“Will the Circle Be Unbroken” is one of my favorite songs. This tune perfectly captures the mixture of deep sadness, joy, and hope that Christians experience at the funeral of a loved one.
According to anthropologists, funerals and burials—mortuary rituals—reflect the symbolic capacity of our species, though some believe symbolic activity is not unique to humans. They maintain that Neanderthals, too, possessed this capability. The recovery of Neanderthal remains in what appear to be gravesites seems to support this view. In fact, archeologists claim that they have found at least twenty Neanderthal graves.
Given such data, the concept of Neanderthal burials has become nearly unassailable. Yet, significant controversy surrounds this notion.1 For archeologists the issues are (a) whether the Neanderthal burials were natural or intentional and (b) what criteria must be met to establish a burial as deliberate.
Some of the disagreement emanates from the fact that many of the purported Neanderthal gravesites were discovered in the early days of archeology. In those times the standards for excavation and recording site information were not as robust as those used today.
For example, in 1961, archeologists in France unearthed a two-year-old infant in a cave known as Roc de Marsal. The original team interpreted the discovery as a deliberate Neanderthal burial. The gravesite became a widely considered, unequivocal example of an intentional entombment but in 2011 an international team of investigators took a second look at the site.2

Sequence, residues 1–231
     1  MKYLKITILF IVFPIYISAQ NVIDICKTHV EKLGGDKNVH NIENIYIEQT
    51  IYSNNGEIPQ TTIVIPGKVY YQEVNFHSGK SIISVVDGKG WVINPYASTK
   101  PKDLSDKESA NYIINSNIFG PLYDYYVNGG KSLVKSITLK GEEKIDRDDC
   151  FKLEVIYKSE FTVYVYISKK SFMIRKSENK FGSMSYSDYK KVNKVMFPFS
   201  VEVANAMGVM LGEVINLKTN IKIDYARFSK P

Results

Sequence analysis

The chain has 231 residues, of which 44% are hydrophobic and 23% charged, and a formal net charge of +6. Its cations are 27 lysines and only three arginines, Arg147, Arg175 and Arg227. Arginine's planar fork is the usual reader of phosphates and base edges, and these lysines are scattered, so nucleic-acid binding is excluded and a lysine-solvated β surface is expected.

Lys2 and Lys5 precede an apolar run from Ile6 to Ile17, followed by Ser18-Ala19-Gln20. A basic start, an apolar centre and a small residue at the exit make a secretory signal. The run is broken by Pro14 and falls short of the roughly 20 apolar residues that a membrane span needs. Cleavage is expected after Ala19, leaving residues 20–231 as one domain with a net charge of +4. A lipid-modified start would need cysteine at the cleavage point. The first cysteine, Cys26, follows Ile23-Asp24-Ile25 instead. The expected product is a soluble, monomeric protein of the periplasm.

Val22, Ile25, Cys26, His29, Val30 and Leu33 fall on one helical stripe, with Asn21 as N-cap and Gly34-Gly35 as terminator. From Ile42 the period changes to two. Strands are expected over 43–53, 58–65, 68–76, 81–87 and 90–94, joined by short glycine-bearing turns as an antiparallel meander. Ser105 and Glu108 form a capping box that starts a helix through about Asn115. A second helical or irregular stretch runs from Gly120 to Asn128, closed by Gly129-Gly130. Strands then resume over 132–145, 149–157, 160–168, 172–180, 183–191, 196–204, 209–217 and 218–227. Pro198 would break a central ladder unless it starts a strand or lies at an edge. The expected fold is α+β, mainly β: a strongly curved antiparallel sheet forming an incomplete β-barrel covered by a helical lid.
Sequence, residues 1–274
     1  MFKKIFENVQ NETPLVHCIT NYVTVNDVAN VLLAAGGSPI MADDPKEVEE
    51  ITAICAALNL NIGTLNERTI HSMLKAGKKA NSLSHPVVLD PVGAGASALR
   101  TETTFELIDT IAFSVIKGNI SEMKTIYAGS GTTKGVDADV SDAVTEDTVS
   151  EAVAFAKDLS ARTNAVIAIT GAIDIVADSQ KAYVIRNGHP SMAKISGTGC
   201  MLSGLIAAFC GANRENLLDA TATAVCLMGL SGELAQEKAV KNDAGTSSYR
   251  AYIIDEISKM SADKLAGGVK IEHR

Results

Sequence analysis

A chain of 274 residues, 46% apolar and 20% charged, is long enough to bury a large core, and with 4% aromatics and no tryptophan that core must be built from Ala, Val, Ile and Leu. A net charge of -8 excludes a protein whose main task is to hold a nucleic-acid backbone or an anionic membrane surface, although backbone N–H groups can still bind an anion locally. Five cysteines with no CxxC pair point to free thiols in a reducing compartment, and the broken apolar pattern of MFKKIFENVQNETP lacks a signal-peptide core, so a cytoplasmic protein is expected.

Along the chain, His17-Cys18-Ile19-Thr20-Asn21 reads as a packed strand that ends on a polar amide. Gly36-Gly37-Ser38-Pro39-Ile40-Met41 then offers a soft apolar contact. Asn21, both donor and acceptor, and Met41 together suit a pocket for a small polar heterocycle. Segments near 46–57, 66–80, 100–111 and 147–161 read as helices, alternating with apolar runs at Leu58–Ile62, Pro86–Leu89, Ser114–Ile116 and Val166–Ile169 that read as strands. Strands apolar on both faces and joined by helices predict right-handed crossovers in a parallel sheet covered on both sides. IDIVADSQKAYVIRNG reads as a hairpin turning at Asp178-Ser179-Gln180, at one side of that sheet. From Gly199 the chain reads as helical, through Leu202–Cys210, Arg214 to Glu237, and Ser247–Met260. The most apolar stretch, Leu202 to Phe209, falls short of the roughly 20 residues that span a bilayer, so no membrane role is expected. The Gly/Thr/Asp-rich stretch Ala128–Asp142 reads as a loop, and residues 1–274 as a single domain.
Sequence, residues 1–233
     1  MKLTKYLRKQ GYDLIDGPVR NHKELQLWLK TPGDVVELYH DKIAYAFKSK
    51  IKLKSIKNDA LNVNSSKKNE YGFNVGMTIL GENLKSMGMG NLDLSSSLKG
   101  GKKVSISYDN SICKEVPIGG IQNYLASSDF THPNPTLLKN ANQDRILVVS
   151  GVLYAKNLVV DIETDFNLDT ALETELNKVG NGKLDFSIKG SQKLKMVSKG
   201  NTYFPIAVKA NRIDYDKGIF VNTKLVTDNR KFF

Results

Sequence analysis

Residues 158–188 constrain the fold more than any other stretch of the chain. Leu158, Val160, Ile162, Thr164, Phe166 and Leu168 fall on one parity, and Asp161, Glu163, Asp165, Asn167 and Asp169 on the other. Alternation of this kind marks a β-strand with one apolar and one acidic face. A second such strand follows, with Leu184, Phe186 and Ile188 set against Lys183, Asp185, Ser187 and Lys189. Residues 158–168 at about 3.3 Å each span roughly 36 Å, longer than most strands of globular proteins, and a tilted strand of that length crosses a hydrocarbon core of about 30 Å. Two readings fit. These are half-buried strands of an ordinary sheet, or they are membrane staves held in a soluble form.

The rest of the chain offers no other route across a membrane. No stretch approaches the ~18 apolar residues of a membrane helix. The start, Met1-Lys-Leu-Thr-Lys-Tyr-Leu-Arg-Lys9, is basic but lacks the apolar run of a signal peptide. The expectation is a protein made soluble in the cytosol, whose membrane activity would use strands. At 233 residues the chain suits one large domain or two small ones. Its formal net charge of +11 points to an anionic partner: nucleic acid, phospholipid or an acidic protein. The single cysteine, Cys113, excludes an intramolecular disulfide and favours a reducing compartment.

This careful reexamination indicates that the “gravesite” was actually a natural depression in the cave floor. Furthermore, the infant’s remains appear to have slid into this natural cavity. When archeologists first unearthed the infant, they discovered animal bones and stone artifacts associated with it. The first team assumed these materials were added to the grave as part of the burial ritual, but did not consider the abundance of animal and lithic remains in the cave site. These remains are so richly distributed throughout the cave that their association with the infant appears to be coincidental. According to the second team of researchers who reexamined the burial site, “Realistically, it would be impossible to dig anywhere within these deposits without encountering concentrated lithics and faunal remains.”3
The new interpretation of the Roc de Marsal infant site may help throw dirt on the idea of Neanderthal burials, but there’s more. La Ferrassie Cave (France) is one of the most important Neanderthal burial sites. Archeologists working in this location have recovered several specimens that look as though they were buried deliberately. Yet, reanalysis of the cave sites suggests that these, too, were natural burials, not purposeful ones.4
In the words of paleoanthropologists Ian Tattersall and Jeffrey Schwartz, “All claimed evidence for symbolic activities among Neanderthals is highly debatable.”5 Thus, scientific advance points to the uniqueness of humans.
- Michael Balter, “Did Neanderthals Truly Bury Their Dead?” Science 337 (September 2012): 1443–44.
- Dennis M. Sandgathe et al., “The Roc de Marsal Neandertal Child: A Reassessment of Its Status as a Deliberate Burial,” Journal of Human Evolution 61 (September 2011): 243–53.
- Ibid., 249.
- Balter, “Did Neanderthals Truly Bury Their Dead?”: 1443–44.
- Ian Tattersall and Jeffrey Schwartz, “Evolution of the Genus Homo,” Annual Review of Earth and Planetary Sciences 37 (May 2009): 81.